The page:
Thank you David Pawson, for your simplicity, humility, brilliance, and tremendous legacy of good works; your books, videos, and audio teaching will continue to bless generations upon generations of Bible students – goodbye sir!

Lord, inspire us to be diligent Bible students like David Pawson, Amen!


When things are not going right, we hit pause, we reflect, then re-launch or make a new start. When we pause and take stock, we are in judgment mode; we are examining or comparing what we are passing through with our original plans. In this situation, judgment results in cleaning out the toxic to make room for a new beginning.

In Amos, we see that living conditions in Israel had become toxic; greed, corruption, adultery, cruelty to the poor, had become the way of life. Israel had turned its back on her God, who insist on righteousness and fairness in our relationships with one another. Israel was instead worshiping other gods who did not care how they behaved to one another. God’s plan for them, which they accepted in the book of Deuteronomy, was not working – they had to be judged.

Thus Amos 7:7-8 (Easy-to-Read Version Bible) says: “This is what the Lord showed me: He stood by a wall with a plumb line… “Amos, what do you see?” I said, “A plumb line.” Then the Lord said to me, “See, I will put a plumb line among my people Israel. I will not let their ‘crooked ways’ pass inspection anymore…”

A plumb line measures whether a wall is straight from top to bottom. The plumb line helps the builder judge whether the wall is standing according to the plan, or whether the wall should be broken down and rebuilt. God judged Israel according to the masterplan in Deuteronomy, and decided to pull down and start over.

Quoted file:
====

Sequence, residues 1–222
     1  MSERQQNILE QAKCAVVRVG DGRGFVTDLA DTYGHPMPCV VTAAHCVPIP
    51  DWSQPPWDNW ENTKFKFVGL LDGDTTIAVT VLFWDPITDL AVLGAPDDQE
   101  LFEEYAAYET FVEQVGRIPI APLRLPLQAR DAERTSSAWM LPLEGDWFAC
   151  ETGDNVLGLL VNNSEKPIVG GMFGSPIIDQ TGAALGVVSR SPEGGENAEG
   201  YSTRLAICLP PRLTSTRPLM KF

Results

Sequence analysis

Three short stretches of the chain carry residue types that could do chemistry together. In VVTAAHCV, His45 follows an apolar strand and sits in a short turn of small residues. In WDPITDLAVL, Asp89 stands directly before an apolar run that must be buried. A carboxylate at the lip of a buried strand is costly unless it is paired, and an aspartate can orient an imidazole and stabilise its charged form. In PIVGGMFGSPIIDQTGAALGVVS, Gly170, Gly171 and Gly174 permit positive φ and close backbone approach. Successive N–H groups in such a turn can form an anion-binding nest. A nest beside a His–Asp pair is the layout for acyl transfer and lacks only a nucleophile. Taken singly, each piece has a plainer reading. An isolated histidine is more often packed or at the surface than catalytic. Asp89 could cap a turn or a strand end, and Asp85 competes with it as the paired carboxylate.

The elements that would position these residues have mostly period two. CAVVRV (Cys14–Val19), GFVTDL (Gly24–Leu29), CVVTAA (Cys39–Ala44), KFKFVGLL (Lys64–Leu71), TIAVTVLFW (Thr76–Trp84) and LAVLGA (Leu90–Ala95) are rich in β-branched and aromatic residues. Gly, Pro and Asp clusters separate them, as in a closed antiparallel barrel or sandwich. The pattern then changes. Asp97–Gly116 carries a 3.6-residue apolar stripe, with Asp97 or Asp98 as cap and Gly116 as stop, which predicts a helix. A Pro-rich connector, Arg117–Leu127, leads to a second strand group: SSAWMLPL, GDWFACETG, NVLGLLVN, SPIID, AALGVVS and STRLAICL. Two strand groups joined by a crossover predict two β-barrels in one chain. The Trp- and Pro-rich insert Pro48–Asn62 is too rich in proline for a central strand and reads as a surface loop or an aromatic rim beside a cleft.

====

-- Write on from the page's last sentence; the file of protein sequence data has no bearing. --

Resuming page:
Amos 9:11-15 (Easy-to-Read Version Bible) (shortened) says: “David’s tent has fallen, but at that time I will set it up again. I will fix its holes and repair its ruined parts… I will bring my people, Israel, back from captivity. They will rebuild the ruined cities, and they will live in them. They will plant vineyards and drink the wine… I will plant my people on their land, and never again will they be pulled up out of the land that I gave them.” This is what the Lord your God said.

God wants a world that is righteous and fair. When the powerful make righteousness and fairness impossible, the poor and the weak need help – judgment follows. Judgment comes in many forms, but the result is to root out toxic systems, and a chance for human society to have new beginnings to live decent peaceful lives.

Lord, bring out the plumb line, and renew our nations, Amen!


Amos - roar to restore 2
Image source: CrossPointChurch


I hate rules, was a strong feeling in me, every time I faced some form of discipline from my parents. Every child probably felt this way at one point or another growing up. It is not unusual to hate rules and seek a life without rules.